Starbucks Corporation (NASDAQ:SBUX) has been working to maintain global dominance as a coffee retailer by separating itself from rivals through the introduction of new food items and a digital strategy unique to the industry. That strategy is expected to pay off handsomely when the Seattle café giant posts quarterly results that leave the competition far behind.

The company has more than 2,000 locations in 60 countries, with major store growth in the China-Asia-Pacific region, where it plans to build most of the planned 1,500 new stores by 2015. But the most important thing isn’t how many stores the company has, it’s what they’re serving -- and especially how.  

One of the ways Starbucks has stood out among other coffee retailers is through online and mobile projects, which CEO Howa­rd Schultz has long been advocating.

When the Seattle-based café giant will report on Thursday after market close, analysts polled by Thomson Reuters expect profits in the fiscal second quarter of $425.34 million, up 8.9 percent from the same quarter last year. Earnings per share during the January-March period is expected to jump to 56 cents, up from 51 cents a year earlier, as revenue jumps 11.1 percent to hit $3.95 billion.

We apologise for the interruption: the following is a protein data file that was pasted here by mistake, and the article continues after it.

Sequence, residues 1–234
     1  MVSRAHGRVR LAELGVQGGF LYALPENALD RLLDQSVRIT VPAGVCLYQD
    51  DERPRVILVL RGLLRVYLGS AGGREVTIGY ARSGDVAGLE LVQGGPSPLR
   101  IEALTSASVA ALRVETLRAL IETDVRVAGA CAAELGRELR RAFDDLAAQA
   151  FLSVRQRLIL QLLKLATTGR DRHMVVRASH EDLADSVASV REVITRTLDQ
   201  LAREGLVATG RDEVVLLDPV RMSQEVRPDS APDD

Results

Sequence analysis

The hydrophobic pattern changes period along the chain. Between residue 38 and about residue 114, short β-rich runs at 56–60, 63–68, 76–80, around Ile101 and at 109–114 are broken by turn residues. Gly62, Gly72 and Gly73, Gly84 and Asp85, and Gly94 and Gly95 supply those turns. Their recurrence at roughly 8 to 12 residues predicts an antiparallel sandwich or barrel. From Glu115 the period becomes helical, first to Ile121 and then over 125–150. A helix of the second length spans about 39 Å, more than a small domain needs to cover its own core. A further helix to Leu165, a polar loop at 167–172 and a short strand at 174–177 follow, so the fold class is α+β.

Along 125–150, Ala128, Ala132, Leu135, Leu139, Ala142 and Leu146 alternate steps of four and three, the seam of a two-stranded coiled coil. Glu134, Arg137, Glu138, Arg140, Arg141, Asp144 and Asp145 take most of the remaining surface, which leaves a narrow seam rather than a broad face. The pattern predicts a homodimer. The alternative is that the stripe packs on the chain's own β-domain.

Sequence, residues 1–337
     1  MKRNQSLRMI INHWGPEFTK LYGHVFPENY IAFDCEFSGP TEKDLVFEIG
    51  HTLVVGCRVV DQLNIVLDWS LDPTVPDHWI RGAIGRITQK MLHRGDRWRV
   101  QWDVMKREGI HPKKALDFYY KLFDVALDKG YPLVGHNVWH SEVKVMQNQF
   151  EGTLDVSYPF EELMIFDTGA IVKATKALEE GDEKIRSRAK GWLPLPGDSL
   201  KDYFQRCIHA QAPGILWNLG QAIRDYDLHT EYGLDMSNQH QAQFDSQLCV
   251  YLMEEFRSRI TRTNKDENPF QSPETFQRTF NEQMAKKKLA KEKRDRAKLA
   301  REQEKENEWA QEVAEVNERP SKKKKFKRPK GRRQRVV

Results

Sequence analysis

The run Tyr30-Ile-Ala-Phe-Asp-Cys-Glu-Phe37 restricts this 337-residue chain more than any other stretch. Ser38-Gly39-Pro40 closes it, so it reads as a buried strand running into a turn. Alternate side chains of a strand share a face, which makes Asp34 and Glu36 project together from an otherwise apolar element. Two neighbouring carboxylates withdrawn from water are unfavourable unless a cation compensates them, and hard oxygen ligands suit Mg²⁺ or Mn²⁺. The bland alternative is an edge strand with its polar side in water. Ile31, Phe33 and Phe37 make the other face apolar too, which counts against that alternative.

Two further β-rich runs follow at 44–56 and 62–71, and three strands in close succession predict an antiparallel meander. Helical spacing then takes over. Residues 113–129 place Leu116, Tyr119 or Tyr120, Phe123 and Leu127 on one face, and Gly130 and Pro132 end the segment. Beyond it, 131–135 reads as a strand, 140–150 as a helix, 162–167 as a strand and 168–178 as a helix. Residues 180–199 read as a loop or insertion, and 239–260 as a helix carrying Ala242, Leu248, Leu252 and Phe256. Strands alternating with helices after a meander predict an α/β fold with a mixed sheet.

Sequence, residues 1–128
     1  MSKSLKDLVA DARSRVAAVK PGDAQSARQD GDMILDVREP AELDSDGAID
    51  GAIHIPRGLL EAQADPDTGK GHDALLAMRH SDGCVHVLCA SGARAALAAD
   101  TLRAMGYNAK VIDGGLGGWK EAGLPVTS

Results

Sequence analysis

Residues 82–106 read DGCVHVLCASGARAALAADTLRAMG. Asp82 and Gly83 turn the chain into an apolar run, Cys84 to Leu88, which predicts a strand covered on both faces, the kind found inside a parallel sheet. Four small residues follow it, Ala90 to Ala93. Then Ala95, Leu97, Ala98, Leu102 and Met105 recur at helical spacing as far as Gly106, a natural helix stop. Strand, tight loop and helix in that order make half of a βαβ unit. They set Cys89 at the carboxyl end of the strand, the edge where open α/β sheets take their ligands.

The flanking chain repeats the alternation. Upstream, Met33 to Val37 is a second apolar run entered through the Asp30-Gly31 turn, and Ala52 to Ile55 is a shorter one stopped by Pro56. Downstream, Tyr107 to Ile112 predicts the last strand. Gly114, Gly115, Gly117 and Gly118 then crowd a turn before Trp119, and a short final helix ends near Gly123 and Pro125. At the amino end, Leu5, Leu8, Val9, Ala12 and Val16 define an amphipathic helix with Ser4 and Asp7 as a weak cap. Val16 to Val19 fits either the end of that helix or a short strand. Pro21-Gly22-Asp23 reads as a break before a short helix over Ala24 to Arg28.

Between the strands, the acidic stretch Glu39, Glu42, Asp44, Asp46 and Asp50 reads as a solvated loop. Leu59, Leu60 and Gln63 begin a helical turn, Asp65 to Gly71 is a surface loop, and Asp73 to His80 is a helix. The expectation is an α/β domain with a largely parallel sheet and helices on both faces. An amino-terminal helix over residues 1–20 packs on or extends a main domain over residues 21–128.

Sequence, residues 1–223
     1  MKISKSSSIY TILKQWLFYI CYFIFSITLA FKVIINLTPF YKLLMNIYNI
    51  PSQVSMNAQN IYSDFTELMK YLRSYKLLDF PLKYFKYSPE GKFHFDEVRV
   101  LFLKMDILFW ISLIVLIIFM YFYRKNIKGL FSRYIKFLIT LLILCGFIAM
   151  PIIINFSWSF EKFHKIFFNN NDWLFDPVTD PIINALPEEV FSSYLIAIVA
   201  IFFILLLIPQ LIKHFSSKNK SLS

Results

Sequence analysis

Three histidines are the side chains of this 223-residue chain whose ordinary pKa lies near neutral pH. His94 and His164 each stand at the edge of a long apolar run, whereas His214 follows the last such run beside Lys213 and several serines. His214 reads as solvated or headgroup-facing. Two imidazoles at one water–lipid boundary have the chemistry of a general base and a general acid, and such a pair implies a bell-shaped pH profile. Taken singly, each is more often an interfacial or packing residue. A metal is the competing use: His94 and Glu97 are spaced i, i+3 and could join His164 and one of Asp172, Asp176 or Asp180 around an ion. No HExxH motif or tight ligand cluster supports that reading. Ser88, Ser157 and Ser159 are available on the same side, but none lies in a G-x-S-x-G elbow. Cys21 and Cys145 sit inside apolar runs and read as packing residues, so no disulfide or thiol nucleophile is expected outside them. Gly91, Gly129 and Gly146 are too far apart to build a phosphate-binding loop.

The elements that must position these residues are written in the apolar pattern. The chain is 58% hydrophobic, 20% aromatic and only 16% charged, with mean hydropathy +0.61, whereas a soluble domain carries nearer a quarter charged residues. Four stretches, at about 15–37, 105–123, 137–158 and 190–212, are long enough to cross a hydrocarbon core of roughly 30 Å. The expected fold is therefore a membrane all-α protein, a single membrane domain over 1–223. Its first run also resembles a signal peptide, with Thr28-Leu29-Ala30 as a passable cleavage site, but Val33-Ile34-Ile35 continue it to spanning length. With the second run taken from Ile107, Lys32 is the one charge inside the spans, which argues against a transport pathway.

“Starbucks is also much more than retail expansion story. At a time when most restaurant and retailers are struggling to stimulate transaction growth, Starbucks' recent transaction gains are impressive and underpin the global strength of its brand,” Barclays analysts said in a note to clients earlier this month.

The 2013 holiday season was a shock for many brick-and-mortar retailers who watched foot traffic give way to online shopping, and physical gifts get replaced with cards.

“Starbucks was prepared for both of these shifts, having invested over many years in the creation and development of proprietary world-class digital and mobile payment and card technology and expertise,” Schultz said on the first-quarter earnings all, where he also noted the nearly 10 million customers using the mobile payment app, which allows customers to pay using their phones, track loyalty points and even tip baristas.